Why Did Seventeenth-Century Europeans Eat Mummies?
via: Res Obscura
In a previous post, I touched on the phenomenon of “cannibal medicine” in early modern Europe. It turns out that it was surprisingly common for medical patients in the sixteenth, seventeenth and eighteenth centuries to be prescribed drugs that contained human remains. These included everything from powdered human skull to more byzantine preparations like Oswald Croll’s infamous 1608 remedy which invites the reader to “take the fresh corpse of a redhaired, uninjured, unblemished man,” and “leave it one day and one night in the light of the sun and the moon, then cut into strips.”
Although historians like Richard Sugg have already written perceptively about medical cannibalism, the special role played by mummies in this story has always seemed intriguing and rather under explored to me. I spoke a bit about this at Yale’s History of Medicine colloquium last month, and thought I’d adapt some of my thoughts into a post.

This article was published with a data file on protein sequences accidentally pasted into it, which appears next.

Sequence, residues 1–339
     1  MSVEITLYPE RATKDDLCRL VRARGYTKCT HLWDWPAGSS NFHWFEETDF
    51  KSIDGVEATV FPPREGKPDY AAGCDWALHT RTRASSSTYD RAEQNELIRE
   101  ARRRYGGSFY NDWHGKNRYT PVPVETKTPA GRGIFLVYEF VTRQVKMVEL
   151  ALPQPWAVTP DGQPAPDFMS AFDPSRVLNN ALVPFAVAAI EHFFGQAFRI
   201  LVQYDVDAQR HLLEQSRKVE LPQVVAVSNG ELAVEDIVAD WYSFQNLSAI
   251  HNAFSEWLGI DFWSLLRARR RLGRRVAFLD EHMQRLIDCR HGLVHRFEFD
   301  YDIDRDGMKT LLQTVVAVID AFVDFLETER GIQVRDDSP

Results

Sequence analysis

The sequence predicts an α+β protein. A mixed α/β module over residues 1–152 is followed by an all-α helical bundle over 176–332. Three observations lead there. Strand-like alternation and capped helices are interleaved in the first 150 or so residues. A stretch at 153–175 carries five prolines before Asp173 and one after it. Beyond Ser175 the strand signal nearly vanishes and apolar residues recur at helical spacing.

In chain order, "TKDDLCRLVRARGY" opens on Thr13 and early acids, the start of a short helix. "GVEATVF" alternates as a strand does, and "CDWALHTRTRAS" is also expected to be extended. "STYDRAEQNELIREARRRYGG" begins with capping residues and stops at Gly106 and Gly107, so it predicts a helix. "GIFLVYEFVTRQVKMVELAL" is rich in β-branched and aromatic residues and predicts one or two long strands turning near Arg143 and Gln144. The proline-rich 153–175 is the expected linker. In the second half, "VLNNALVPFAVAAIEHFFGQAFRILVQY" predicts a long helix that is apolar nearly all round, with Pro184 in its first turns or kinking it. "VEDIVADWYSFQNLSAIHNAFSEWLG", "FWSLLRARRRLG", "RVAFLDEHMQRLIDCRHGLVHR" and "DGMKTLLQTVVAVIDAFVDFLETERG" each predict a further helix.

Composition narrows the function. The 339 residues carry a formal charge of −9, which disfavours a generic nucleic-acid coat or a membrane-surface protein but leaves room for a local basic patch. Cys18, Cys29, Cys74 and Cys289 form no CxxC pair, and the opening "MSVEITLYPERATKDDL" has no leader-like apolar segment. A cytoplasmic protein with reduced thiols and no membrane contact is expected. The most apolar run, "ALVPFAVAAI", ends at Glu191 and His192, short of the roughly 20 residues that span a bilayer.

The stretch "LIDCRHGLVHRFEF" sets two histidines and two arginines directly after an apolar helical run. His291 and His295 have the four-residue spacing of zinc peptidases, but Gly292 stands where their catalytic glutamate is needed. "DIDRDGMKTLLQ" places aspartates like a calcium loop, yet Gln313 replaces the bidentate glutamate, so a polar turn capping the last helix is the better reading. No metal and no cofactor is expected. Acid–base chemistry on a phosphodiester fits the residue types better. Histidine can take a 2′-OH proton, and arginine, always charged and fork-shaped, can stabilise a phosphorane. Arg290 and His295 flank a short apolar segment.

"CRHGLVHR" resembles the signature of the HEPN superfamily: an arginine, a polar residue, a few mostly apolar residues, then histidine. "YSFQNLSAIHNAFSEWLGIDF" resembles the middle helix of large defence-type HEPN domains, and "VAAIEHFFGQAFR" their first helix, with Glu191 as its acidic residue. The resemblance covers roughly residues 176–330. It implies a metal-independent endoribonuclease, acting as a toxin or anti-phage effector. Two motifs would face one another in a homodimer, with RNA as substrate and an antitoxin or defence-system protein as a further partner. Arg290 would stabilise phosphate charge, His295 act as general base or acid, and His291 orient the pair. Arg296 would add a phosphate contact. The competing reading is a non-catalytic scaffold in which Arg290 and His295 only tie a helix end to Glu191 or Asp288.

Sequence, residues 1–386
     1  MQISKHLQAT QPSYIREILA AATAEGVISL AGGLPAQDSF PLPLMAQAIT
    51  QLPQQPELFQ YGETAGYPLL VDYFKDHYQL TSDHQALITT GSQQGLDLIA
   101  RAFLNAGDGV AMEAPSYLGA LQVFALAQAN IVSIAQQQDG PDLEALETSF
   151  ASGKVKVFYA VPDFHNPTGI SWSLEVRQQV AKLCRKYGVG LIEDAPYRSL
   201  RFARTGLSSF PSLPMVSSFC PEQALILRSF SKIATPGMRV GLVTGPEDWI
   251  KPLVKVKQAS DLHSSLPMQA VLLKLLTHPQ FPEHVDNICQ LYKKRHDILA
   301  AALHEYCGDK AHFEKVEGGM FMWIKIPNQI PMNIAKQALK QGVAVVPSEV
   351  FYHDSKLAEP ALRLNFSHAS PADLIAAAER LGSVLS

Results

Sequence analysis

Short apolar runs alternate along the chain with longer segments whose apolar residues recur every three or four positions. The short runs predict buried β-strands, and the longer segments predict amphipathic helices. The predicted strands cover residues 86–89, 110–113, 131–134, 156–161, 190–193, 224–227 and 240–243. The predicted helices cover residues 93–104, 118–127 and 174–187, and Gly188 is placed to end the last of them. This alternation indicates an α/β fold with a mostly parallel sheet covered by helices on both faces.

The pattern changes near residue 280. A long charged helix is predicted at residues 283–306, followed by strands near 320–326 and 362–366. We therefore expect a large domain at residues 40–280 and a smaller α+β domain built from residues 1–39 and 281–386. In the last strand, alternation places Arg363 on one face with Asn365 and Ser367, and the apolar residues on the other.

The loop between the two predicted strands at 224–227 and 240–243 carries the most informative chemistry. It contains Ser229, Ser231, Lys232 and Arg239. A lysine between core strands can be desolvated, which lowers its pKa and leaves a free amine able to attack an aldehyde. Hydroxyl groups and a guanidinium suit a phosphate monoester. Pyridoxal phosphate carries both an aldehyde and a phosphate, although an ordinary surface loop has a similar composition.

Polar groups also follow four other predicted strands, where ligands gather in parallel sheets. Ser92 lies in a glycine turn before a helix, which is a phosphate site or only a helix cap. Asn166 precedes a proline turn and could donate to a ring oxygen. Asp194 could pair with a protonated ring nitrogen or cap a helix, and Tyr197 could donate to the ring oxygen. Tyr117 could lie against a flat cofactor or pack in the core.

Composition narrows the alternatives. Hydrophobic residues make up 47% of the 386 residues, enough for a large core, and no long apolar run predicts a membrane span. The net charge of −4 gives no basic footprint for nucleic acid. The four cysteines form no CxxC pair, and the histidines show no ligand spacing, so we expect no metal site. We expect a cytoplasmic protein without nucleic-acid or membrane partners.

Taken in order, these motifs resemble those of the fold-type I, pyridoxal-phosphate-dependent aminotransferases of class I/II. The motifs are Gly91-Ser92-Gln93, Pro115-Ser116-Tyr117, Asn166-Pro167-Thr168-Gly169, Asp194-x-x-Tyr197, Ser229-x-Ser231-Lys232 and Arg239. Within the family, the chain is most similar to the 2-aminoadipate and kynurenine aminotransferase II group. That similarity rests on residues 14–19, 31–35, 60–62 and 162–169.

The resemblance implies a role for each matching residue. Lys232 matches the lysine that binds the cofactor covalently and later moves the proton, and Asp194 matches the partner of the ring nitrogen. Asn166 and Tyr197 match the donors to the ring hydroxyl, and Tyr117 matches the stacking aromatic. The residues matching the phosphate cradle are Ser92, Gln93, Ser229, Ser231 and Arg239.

First off, it’s worth stressing that, historically speaking, there is nothing particularly bizarre about eating people. Perusing one of my favorite early modern drug manuals, John Jacob Berlu’s The Treasury of Drugs Unlock’d (London, 1690) makes it plain that a certain form of cannibalism was widely tolerated in Europe. Berlu’s guide to drugs is not at all exotic or show off-y – on the contrary, it’s a practical handbook aimed at working drugs merchants who needed to know basic facts about the wares they sold. Most of its entries involve relatively prosaic substances like tamarind, sassafras, cinnamon and elk antlers. But there are a few entries, like the one for “Cranium Humanum” shown below, which stand out to a modern eye: